Is dialogue between vegetarians and Christians even possible? Although the modern Western vegetarian movement was originally started by Christian vegetarians (members of the Bible Christian Church, now defunct), Christian vegetarianism is scarcely even mentioned these days. Christians have largely rejected vegetarianism, and vegetarians are mostly non-Christian.

When exploring the possibility of such a dialogue with other vegetarians, the difficult thing to explain is “why Christianity?” Why not just present a straightforward ethical case for vegetarianism or veganism, based on the idea that animals are sentient beings and have rights? Let’s just leave religion out of it. When explaining this possibility to Christians, though, there is a completely different question: “why vegetarianism?” They typically are completely indifferent to vegetarian issues, if not downright hostile. Continue reading

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Who is the Audience for “Disciples”?

Jesus and Nicodemus (H. O. Tanner)

Several people have asked me who my target audience is for Disciples, or for my previous book The Lost Religion of Jesus. When I write about Christianity and vegetarianism, who is my audience? Christians? Vegetarians? Someone else?  A friend of mine writes the following question:

In order to explain that the founders [of Christianity] were vegetarian you also have to do a critical analysis which uncovers that Jesus and his followers never claimed that Jesus was god co-equal with the father. Fundamentalists do not want to listen to anything which would demote Jesus . . . non-fundamentalists and non-Christians are not particularly interested in reading anything about Jesus as vegetarian because they are just not that interested in reading about Jesus.

So what audience is left? Continue reading

Posted in "Disciples", Christianity, Vegetarianism / Veganism | 16 Comments

Review of “Disciples” on All-Creatures.Org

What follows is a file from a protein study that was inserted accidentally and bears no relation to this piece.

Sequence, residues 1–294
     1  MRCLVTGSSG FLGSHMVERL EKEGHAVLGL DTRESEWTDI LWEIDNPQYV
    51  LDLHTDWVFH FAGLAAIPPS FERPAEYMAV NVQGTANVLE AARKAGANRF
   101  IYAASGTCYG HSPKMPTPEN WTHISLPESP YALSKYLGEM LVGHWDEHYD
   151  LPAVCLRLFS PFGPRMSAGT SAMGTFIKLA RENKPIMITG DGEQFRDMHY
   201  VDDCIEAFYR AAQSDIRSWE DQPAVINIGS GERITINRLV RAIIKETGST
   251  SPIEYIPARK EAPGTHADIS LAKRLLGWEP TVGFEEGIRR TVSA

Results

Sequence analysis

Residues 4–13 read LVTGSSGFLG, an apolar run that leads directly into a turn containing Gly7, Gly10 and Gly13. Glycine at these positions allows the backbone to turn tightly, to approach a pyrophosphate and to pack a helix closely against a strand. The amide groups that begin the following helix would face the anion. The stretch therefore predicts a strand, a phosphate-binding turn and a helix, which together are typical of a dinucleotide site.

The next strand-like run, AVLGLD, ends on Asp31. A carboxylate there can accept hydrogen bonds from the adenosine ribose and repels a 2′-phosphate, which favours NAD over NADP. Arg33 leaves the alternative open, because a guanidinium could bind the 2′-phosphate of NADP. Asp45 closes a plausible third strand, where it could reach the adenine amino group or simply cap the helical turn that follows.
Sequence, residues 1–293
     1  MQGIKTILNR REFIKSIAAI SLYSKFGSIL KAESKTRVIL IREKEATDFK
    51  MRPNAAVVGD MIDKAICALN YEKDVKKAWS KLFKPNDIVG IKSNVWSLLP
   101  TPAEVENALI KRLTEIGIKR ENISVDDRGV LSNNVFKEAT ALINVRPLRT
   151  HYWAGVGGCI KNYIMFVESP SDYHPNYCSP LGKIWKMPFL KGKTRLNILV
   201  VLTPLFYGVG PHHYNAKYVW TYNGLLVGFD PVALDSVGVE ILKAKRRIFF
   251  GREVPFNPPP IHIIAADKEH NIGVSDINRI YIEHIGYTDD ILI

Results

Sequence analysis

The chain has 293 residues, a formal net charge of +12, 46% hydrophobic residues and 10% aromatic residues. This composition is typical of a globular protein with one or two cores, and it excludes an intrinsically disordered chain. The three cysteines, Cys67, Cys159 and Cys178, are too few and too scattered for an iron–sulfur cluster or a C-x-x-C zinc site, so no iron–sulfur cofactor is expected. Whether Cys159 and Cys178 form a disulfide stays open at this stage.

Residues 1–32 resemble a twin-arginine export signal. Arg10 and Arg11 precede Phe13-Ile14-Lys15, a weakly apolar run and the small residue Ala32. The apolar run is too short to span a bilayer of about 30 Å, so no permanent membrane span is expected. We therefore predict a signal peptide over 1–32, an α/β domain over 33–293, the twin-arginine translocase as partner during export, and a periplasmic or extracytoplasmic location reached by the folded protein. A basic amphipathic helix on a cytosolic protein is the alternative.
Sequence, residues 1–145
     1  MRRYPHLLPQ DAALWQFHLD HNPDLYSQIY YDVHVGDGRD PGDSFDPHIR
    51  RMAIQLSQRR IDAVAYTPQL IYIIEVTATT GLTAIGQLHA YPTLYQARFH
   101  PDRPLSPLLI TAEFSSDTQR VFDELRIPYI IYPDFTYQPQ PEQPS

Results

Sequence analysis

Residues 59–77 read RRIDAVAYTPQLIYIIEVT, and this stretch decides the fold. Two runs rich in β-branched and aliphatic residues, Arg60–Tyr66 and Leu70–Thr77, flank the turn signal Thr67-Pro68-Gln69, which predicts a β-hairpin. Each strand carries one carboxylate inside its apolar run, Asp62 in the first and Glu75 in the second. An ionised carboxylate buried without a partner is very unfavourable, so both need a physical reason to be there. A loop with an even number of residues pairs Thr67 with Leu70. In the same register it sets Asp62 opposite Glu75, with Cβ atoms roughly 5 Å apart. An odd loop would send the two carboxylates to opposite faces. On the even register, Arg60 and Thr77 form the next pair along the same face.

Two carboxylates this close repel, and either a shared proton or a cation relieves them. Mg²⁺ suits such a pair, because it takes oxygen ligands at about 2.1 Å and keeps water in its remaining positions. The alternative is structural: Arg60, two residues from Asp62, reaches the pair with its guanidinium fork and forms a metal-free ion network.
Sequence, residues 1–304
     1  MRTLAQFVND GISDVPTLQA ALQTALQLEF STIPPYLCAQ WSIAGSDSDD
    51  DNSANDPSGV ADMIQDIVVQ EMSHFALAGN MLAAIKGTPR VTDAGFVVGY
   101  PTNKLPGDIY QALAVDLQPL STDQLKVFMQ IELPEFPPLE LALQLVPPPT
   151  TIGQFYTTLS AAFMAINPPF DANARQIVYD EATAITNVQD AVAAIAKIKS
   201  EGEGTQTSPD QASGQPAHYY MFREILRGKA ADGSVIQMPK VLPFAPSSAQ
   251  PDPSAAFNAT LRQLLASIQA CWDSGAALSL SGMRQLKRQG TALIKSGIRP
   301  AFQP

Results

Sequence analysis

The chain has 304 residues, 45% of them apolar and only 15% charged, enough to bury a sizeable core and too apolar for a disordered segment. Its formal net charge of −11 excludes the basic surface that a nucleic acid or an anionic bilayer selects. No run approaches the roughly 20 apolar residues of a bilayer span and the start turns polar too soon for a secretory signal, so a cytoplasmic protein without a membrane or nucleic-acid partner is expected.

Frank and Mary Hoffman, who administer the website, one of the top Christian vegetarian websites in English, recently reviewed Disciples. Here’s what they said:

Disciples by Keith Akers is a very interesting and well researched book. The main focus of Disciples is to take an in-depth look at “Jewish Christianity” as it has commonly been called, which Akers contends may go back 1000 years or more before Jesus, which to us refers to a messianic movement. Continue reading

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Pious Fraud, Vegetarian Style

Bart Ehrman's book "Forged" deals mostly with ancient forgeries, but also with some modern forgeries

The New Testament includes many books whose actual authors are other than they are claimed to be. That is, they are forgeries — but made it into the New Testament anyway.  Paul’s two “letters to Timothy,” for example, were not actually written by Paul.  Forgeries are in a different category altogether than channeled works such as Rev. Ouseley’s The Gospel of the Holy Twelve or Levi’s The Aquarian Gospel of Jesus Christ.  In the case of channeled works, the author is being straightforward: I had a dream or vision, in which God (or Anna Kingsford, or the Akashic Records) revealed these things. But in the case of forgeries, a manuscript is being advertised as being written by someone who in fact did not write it. Forgeries in the realm of religion are sometimes called “pious frauds.”

Two distinguished examples of modern “pious frauds” are the gospels by Nicholas Notovitch and Edmond Bordeaux Szekely. Both are sometimes innocently quoted by vegetarians to prove that Jesus went to India or that Jesus was a vegetarian. But neither of them constitutes real evidence about Jesus, or about anything else before the nineteenth century. Continue reading

Posted in Christianity, Historical Jesus, History, Religion and spirituality | 2 Comments